Paine Grande

Paine Grande

Overall Torres del Paine was stunning. The wild and remote setting, precariously sheer peaks, hanging glaciers, turquoise lakes, and slightly comical guanacos combine to make a place that lives up to or exceeds its reputation.

Practical Stuff:

  • They won’t accept Argentine pesos in the park, we were able to use credit cards at the Pehoe hotel (and saw signs for them at the Pehoe camping) and dollars at Paine Grande Mountain Lodge.  We also noticed a money exchange sign in the Hotel Las Torres, so it looked like there were possibilities for exchange some places (although these places were few and far between).
  • You buy tickets for the Catamaran across Lago Pehoe on the Catamaran itself. This was unclear to us, even once we arrived at the Catamaran dock. But a little ways into the trip one of the boat crew members busted out a money box on the lower deck and started selling tickets, and somewhat oddly, biscuits and coffee (they seemed to be only accepting Chilean pesos) .
  • We got park/hiking maps (and a warning about the high winds) from the ranger station where we paid our park entry fee.
  • Here’s a couple park maps: Glacier Grey Side, and Torres del Paine Side
Torres del Paine

The Torres del Paine

Salto Grande

The Salto Grande

Curious Guanaco

A curious Guanaco

Little Guanaco

A young, fluffy and curoius Guanaco


Some Rheas - Ostrich-like birds that we also saw along the road

Cuernos del Paine

The Cuernos del Paine from Hotel Pehoe


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Driving from El Calafate to Torres del Paine

Welcome to Chile

After a few days in El Calafate we were ready to head to Torres del Paine in Chile. We had tried to find information about the drive prior to our trip and managed to figure out that it was possible although we were a bit unclear on the state of the roads. We did manage to gather that the drive was possible with certain rental car companies (like Hertz) and that it didn’t require a four wheel drive vehicle.

Hertz was helpful in providing us with the paperwork we needed to cross the border, and we were somewhat comforted to see stamps indicating the car had made it across the border before since it didn’t exactly feel like a rugged vehicle. They had also given us guidance on the best roads to take — from the map there looked like two options. The rental car rep had recommended we not take what looked like a shortcut (the unpaved section of Ruta 40 that bypasses Esperanza) because of poor road conditions and the need to fill up at the gas station located on the longer route. She also mentioned another station closer to the border that we should stop at. “They may not have gas here. But if they do, you should get it.”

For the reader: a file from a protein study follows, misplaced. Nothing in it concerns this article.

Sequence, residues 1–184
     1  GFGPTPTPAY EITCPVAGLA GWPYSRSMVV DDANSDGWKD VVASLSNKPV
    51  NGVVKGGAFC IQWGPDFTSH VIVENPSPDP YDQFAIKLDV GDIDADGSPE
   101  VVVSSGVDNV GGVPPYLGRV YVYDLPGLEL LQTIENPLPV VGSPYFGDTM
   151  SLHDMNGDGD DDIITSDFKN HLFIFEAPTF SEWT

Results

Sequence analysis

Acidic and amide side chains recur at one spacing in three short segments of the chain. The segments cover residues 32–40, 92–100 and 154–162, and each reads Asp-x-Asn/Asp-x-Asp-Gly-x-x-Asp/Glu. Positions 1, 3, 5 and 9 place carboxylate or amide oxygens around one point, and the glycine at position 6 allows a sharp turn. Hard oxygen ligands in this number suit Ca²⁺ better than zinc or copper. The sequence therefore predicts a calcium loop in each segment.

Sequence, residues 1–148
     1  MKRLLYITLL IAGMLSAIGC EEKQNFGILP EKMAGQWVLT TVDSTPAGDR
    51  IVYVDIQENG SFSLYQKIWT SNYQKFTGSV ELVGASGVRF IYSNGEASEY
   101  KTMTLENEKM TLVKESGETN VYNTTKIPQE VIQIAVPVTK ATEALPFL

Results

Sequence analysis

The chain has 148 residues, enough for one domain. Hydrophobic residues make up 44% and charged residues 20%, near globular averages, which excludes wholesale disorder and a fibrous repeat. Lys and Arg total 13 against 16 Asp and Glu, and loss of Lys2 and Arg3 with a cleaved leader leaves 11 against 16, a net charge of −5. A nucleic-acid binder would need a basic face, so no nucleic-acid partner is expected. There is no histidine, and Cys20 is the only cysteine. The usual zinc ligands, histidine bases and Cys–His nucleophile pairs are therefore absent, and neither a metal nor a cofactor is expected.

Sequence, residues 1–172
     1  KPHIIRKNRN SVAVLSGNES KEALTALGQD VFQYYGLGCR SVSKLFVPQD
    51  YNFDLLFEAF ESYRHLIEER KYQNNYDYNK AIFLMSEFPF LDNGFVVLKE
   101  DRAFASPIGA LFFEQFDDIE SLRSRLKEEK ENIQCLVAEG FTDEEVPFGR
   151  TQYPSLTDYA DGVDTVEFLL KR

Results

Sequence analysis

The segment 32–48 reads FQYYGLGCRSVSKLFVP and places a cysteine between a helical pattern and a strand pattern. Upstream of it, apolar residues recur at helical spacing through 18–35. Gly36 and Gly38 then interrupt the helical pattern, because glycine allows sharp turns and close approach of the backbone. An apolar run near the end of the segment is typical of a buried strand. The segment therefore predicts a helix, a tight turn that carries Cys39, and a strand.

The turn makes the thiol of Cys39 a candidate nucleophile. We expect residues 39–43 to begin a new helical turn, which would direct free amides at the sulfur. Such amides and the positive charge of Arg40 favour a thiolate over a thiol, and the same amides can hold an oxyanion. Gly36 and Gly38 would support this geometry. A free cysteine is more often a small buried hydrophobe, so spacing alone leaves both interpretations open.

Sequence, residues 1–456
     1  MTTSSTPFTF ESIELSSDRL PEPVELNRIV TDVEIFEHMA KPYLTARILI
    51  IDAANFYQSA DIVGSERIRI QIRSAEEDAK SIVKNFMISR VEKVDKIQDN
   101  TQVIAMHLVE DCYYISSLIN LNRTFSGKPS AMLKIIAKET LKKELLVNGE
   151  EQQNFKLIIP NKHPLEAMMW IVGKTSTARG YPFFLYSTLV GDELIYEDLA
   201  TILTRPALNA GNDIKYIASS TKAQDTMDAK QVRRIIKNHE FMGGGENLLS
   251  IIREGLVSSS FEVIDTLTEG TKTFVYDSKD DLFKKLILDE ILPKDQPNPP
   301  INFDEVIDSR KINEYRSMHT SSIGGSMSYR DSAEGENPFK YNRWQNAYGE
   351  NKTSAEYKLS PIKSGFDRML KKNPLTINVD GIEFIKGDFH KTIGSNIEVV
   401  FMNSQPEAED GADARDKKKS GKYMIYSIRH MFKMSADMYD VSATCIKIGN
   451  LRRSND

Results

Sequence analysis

Ruta 40

The dirt section of Ruta 40 turing off from Ruta 5, this is the road that they didn't recommend we take

On the morning of January 5th we ate breakfast and went to fill up our gas tank before leaving El Calafate. Unfortunately, the gas station near our hotel was out of the gas we needed (Super) and when we drove to the other station in town they were also out and said they wouldn’t get more until 5:00 that evening. We were estimating the drive would take at least 5 hours but didn’t want to head out so late. We had half a tank of gas but were unsure if that was enough to get us to the next town, so we drove to Hertz to ask what they recommended and they were kind enough to call ahead to Esperanza (fittingly “hope” in Spanish) to see if they had gas. They did, so we jumped in the car and made it to the town, which didn’t seem to consist of much more than a truck stop. But they did have gas.

The road from El Calafate to Esperanza and from there to Cancha Carrera was paved and in good condition. We stopped in Estancia Tapi Aike for gas, having learned our lesson about getting gas when we could. It turned out the small store did have gas, the attendant just had to run out to turn on the generator in order to pump it for us.